Art3x (973401) writes "Do cheap laptops have to be flimsy, with plastic shells instead of metal, dinky hinges, and mushy keys? I’m a programmer, not an industrial designer. Am I missing something? I would think that a solid build takes two things: good materials and fitting them together well. As for material, is metal really more than a dollar or so more per pound than plastic? As for fit, that’s a matter of knowledge and technique. If the manufacturer has well-built laptops at a higher price, they clearly have such knowledge. This same question applies to other devices, such as cameras. Why is anything over a few hundred dollars poorly made, especially by a company that can make it well?" top
Art3x (973401) writes "Kernighan said, 'Controlling complexity is the essence of computer programming.' My past four coworkers subscribed to the copy-and-paste method of code reuse, preferred long names (they sound more official), and built unrequested features so they "wouldn't have to code it later." The code samples from applicants indicate they believe the same. Where do you find programmers who believe in tight design, DRY, and less-is-more? I feel that it would be easier to find an architect, painter, or writer and teach him programming than to find a programmer and teach him good design — or even get him to acknowledge its existence." top
Art3x (973401) writes "As you know, HTML 5 introduced the <video> tag, so you don't have to use Flash, QuickTime, etc. It can even enclose several versions of the same video (H.264, WebM, Ogg, etc.) for different computers or browsers. Well, for Google Chrome in a couple months, you will have to provide it something other than H.264, because it is dropping support for H.246. 'Though H.264 plays an important role in video, as our goal is to enable open innovation, support for the codec will be removed and our resources directed towards completely open codec technologies,' wrote Mike Jazayeri, Product Manager." top
Art3x (973401) writes "Netflix's VP of Systems and E-commerce Engineering, Kevin McEntee, just blogged his appreciation for open-source software and open standards. 'At Netflix we jumped on for the ride a long time ago and we have benefited enormously from the virtuous cycles of actively evolving open source projects,' he writes, and he says that Netflix not only uses but has contributed back to projects such as Hudson, Hadoop, Hive, Honu, Apache, Tomcat, Ant, Ivy, Cassandra, and HBase. Instantly streamed in a bunch of comments asking why there's no player for Linux." Link to Original Source top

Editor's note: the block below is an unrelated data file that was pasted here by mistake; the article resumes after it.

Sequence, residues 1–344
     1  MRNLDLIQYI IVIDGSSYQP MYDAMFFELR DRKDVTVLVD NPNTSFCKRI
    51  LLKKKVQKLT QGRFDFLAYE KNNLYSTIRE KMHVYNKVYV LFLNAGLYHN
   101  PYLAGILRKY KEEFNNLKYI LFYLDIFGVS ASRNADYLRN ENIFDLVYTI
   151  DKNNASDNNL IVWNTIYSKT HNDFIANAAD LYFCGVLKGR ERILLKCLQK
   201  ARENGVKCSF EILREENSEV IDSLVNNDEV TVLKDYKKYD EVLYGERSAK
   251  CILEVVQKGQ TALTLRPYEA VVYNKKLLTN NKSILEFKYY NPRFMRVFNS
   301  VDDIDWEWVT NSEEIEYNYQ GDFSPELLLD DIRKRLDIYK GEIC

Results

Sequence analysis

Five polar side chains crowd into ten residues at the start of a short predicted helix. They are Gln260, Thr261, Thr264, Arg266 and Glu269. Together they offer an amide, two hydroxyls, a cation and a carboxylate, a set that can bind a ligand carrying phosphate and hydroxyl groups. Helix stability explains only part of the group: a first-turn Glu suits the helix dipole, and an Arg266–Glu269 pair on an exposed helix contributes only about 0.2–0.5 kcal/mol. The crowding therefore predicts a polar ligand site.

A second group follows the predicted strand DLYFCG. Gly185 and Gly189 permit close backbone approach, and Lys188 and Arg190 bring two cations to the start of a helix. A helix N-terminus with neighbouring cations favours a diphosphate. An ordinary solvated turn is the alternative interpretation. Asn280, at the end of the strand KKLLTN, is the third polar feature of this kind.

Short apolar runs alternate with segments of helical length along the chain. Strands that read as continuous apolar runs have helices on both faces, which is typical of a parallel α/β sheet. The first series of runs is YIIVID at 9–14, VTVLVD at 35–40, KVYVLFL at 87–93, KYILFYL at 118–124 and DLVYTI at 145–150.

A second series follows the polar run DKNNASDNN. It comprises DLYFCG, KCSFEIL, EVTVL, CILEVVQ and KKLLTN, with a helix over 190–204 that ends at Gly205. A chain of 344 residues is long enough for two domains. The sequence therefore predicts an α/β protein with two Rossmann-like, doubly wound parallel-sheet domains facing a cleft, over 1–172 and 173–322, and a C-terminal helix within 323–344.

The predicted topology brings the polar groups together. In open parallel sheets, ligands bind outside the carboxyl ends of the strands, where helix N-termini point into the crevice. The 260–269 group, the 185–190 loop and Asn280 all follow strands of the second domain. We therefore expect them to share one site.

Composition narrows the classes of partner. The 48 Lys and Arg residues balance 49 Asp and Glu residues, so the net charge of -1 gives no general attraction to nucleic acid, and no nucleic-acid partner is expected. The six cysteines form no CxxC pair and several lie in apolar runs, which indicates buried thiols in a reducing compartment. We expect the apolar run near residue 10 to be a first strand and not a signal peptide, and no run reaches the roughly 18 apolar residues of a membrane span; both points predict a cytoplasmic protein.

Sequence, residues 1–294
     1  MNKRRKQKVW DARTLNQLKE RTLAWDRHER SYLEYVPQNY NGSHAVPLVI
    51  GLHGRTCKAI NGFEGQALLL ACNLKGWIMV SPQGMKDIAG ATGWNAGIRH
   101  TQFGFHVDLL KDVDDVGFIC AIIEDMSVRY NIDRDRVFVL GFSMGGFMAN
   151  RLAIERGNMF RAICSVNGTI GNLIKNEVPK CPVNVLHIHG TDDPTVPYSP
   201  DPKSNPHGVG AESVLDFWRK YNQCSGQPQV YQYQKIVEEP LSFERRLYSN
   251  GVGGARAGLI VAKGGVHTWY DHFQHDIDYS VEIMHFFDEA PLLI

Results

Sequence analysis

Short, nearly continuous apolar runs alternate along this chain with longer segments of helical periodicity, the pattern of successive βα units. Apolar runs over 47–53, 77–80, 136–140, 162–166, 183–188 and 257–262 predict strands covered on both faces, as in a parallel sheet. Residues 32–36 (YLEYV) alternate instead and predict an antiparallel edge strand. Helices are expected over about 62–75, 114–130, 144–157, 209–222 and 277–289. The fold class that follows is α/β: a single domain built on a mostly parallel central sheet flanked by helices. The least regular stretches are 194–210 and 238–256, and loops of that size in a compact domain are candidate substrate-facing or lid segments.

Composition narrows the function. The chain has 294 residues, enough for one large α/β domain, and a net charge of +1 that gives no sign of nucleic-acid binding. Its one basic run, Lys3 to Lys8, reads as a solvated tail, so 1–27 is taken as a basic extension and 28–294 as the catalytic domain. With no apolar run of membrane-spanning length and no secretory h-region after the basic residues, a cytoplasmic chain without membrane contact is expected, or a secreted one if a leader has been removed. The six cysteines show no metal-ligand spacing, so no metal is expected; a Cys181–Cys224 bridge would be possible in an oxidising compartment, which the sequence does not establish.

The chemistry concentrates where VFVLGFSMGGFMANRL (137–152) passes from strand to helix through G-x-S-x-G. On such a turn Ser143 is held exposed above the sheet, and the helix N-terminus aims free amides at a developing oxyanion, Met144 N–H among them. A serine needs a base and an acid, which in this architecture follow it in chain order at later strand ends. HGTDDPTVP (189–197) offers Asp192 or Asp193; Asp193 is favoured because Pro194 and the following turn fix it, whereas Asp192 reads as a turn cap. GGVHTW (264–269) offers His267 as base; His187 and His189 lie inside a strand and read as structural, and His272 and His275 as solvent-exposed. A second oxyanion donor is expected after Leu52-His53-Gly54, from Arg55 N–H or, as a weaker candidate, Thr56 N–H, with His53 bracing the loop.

Art3x (973401) writes "EditShare will release its video editor as open source this summer. Lightworks handles high-definition media, DPX, and RED, shares projects with Final Cut Pro and Avid, and was recently used by Academy-award-winning editor Thelma Schoonmaker on Shutter Island. Introduced in in 1989 and bought by EditShare last year, it 'has come from over one million hours of software development,' says EditShare's James Richings. But he says releasing the source will 'generate concepts and capabilities never seen before. I expect that the Lightworks Open Source initiative will transform not only the technology, but also the opinions on what a professional editing tool can achieve.'" top
Art3x (973401) writes "A page on the Apple web site lists a dozen major web sites publishing their audio or video with the HTML 5 tags, including: CNN, the New York Times, ESPN, NPR, The White House, People magazine, CBS, and National Geographic. It might be that the HTML 5 media shows up just if you're on the iPad, but I was surprised by so many so soon." top
Art3x (973401) writes "The Chromium team opened the extensions gallery today. If you are running a beta version of Chrome in Windows or Linux (Mac still to come), then you can now browse a gallery of about 300 extensions.
Art3x (973401) writes "Are there any good resources for helping move a company from Microsoft to open source? I work for a self-proclaimed "Microsoft shop." From time to time I have the a chance to present to the leaders, and I would like at least to plant a seed. Most of them think Microsoft is THE software vendor. Upon mention of open source, they say "Oh, yeah, freeware," — the hobby of a single hacker instead of a serious worldwide effort. Especially, software without "support" is an anathema to them.
I'm sure I could comb the Internet and cobble something together. But are there any good articles or books — or even companies — for just this purpose: to systematically guide an IT department to exchange (no pun intended) each of their Microsoft products for the open-source equivalent?
As a bonus, any article that clearly tells the story of how Microsoft came to dominance (i.e., not by merit) would also be appreciated."